Gap Junctions in Placental Development

Summary

Principal Investigator: Stephen Lye
Abstract: Failure of appropriate placental development, particularly in the first trimester, is associated with significant complications of pregnancy, including miscarriage, pre-eclampsia and intrauterine growth restriction (IUGR). During the first trimester, placental trophoblast cells undergo dynamic cellular events, including cell proliferation, differentiation, migration/invasion, and cell-cell interactions. These events are required for the formation of the anchoring villous and the invasion of extravillous trophoblast (EVT) deep into the uterine wall where they induce a remodelling of the maternal spiral arteries. In other tissues, intercellular communication via gap junctions is known to modulate these processes, though there is no information as to whether this occurs in the placenta. Therefore, the overall objective of this project is to define the role of gap junctional intercellular communication (GJIC) in placental development. We hypothesize that a loss of GJIC is necessary for EVT to exit the proliferative phenotype of the anchoring villous and invade into the uterine wall. Furthermore, we hypothesize that re-expression of GJIC by populations of invasive EVT induces their terminal differentiation allowing them to associate with endothelial cells in spiral arteries during remodelling, and also, in EVT distant from vessels, to promote their aggregation and fusion to form large, multi-nucleated non-invasive trophoblast. Support for these hypotheses is provided by our preliminary data, using first trimester placental explants, in which we have shown that blockade of GJIC or antisense knock-down of the gap junction protein, connexin40, induces EVTs to differentiate from the proliferative to the invasive phenotype. We will address these hypotheses through 4 specific aims. In Aim I, we will use the explants to determine whether GJIC-blockade alone is sufficient to induce the invasive EVT phenotype and to identify putative upstream modifiers and downstream effectors of GJIC-mediated EVT differentiation. Complementary studies in Aim II will take advantage of the power of trophoblast stem cells to define connexins that modulate differentiation to invasive trophoblast, determine whether mutation of these connexins disrupts normal differentiation and use micro-array analysis to identify trophoblast genes whose expression is modified by GJIC. In Aim Ill, we will utilize a trophoblast-decidua explant co-culture system to determine how the decidua modifies GJICmediated EVT differentiation. In Aim IV, we will use primary trophoblasts and the Jeg-3 cell line (wild type or following stable transfection with connexin proteins) to investigate, in vitro and in vivo, the requirement for GJIC during EVT-endothelial coupling and vessel invasion. This novel investigation integrates the experience and efforts of three laboratories, each recognized internationally for their independent investigations on placental development.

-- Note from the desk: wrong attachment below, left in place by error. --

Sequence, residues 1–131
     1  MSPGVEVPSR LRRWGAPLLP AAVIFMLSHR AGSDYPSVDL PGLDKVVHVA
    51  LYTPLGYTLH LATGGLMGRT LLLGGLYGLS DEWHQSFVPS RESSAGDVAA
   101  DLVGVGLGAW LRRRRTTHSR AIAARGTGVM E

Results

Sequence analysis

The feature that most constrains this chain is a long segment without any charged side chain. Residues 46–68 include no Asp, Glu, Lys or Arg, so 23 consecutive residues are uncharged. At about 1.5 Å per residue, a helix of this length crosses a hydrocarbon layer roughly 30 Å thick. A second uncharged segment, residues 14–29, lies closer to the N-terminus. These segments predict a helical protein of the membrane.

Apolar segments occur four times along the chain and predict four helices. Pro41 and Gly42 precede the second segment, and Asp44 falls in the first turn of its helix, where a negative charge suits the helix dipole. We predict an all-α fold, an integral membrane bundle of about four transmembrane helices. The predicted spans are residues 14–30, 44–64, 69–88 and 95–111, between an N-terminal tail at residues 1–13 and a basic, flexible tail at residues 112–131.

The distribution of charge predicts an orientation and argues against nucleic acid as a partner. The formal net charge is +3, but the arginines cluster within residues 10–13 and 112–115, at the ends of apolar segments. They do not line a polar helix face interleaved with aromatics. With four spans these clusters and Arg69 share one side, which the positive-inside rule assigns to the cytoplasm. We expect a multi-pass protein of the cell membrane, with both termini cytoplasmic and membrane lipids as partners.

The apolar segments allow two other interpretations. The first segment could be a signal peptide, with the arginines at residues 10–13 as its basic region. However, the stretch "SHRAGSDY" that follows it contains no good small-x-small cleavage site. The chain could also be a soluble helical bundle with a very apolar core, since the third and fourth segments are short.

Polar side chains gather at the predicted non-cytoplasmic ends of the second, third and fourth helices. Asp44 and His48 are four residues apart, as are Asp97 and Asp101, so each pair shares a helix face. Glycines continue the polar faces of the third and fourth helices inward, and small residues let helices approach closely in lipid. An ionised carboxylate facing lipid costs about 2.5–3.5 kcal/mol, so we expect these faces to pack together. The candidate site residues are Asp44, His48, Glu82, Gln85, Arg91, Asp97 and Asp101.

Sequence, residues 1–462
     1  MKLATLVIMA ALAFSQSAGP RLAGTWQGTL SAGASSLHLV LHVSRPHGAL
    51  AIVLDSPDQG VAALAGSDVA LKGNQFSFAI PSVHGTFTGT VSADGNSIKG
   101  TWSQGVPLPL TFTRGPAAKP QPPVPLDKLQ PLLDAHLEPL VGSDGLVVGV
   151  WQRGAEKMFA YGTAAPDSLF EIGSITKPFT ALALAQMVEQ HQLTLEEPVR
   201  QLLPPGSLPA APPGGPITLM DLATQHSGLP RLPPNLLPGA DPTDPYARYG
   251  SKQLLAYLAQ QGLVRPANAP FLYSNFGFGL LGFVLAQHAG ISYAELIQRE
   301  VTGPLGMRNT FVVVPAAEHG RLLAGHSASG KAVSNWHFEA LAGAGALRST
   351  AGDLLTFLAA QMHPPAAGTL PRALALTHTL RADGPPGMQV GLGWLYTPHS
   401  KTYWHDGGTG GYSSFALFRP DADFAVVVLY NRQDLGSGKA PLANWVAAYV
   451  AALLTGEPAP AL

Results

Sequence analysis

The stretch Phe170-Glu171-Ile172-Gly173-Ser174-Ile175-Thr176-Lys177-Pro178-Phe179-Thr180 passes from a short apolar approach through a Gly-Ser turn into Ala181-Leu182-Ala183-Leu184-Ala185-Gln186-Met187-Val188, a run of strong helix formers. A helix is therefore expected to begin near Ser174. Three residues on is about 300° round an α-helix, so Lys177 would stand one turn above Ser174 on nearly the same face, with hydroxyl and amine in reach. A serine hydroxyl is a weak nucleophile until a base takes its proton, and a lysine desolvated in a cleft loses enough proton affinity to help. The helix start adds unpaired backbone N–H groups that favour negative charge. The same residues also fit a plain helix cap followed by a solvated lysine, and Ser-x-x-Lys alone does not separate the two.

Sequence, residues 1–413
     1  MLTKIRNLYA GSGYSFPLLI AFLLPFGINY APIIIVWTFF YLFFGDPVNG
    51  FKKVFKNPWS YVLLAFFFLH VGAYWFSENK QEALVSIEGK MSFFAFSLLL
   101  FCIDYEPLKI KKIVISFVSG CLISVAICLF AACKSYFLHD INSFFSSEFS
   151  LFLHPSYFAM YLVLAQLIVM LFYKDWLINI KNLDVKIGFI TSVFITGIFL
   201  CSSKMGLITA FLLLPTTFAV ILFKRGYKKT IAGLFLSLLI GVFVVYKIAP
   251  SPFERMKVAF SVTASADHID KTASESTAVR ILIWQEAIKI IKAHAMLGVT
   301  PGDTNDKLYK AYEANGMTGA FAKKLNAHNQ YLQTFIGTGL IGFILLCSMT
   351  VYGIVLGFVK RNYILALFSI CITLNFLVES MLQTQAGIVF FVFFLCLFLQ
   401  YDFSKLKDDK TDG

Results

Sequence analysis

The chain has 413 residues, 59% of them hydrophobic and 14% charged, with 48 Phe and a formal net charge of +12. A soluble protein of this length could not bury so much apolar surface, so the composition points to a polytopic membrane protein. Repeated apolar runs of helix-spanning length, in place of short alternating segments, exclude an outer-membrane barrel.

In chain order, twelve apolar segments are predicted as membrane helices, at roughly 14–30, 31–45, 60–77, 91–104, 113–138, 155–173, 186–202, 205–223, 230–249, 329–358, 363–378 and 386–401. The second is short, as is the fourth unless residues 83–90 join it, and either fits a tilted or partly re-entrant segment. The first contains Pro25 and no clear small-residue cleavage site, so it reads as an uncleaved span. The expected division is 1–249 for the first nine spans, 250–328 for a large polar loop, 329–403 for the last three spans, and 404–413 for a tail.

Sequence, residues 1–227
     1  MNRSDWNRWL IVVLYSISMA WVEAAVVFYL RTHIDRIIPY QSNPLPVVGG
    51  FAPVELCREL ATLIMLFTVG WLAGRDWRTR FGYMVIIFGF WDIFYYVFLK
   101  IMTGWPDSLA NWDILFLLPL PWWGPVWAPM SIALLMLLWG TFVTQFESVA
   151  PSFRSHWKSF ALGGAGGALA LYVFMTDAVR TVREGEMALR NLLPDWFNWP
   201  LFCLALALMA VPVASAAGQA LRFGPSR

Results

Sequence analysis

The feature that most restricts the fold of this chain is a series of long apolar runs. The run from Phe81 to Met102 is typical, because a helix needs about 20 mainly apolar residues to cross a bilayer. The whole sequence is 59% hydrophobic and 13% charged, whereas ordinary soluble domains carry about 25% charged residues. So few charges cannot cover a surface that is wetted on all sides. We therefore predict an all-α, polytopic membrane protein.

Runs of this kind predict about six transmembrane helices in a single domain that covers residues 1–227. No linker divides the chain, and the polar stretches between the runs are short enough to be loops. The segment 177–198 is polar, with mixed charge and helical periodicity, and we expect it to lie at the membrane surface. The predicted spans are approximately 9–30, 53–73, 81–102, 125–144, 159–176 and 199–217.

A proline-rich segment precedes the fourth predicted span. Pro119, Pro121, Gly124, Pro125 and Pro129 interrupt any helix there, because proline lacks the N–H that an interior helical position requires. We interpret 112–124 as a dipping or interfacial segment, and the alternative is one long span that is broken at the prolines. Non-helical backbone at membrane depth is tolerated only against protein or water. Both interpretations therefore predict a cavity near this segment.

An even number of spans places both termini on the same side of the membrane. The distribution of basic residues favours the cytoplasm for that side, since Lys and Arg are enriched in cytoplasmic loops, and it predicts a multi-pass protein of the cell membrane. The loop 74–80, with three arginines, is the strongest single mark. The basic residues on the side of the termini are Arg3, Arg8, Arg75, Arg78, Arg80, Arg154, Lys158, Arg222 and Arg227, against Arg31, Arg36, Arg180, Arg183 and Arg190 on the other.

Funding Period: 2002-08-01 - 2006-01-31
more information: NIH RePORT

Top Publications

  1. ncbi Cx31 and Cx43 double-deficient mice reveal independent functions in murine placental and skin development
    Mark Kibschull
    Institute of Anatomy, University Hospital Duisburg Essen, Essen, Germany
    Dev Dyn 233:853-63. 2005
  2. ncbi Connexins and trophoblast cell lineage development
    Mark Kibschull
    Institute of Anatomy, University Hospital Essen, Germany
    Methods Mol Med 121:149-58. 2006
  3. ncbi Decreased expression of the angiogenic regulators CYR61 (CCN1) and NOV (CCN3) in human placenta is associated with pre-eclampsia
    Alexandra Gellhaus
    Institute of Anatomy and Department of Gynecology and Obstetrics, University Hospital Essen, Essen, Germany
    Mol Hum Reprod 12:389-99. 2006

Detail Information

Publications3

  1. ncbi Cx31 and Cx43 double-deficient mice reveal independent functions in murine placental and skin development
    Mark Kibschull
    Institute of Anatomy, University Hospital Duisburg Essen, Essen, Germany
    Dev Dyn 233:853-63. 2005
    ..Therefore, in epidermal and preimplantation development, gap junctional communication can probably be compensated by other isoforms coexpressed with Cx31 and Cx43...
  2. ncbi Connexins and trophoblast cell lineage development
    Mark Kibschull
    Institute of Anatomy, University Hospital Essen, Germany
    Methods Mol Med 121:149-58. 2006
    ..Furthermore, we show that TS cells are capable of forming tumors after subcutaneous injection into nude mice, providing the opportunity to investigate trophoblast invasion into host vessels in vivo...
  3. ncbi Decreased expression of the angiogenic regulators CYR61 (CCN1) and NOV (CCN3) in human placenta is associated with pre-eclampsia
    Alexandra Gellhaus
    Institute of Anatomy and Department of Gynecology and Obstetrics, University Hospital Essen, Essen, Germany
    Mol Hum Reprod 12:389-99. 2006
    ..Our data point to a potential role of both molecules in the pathogenesis of early-onset PE...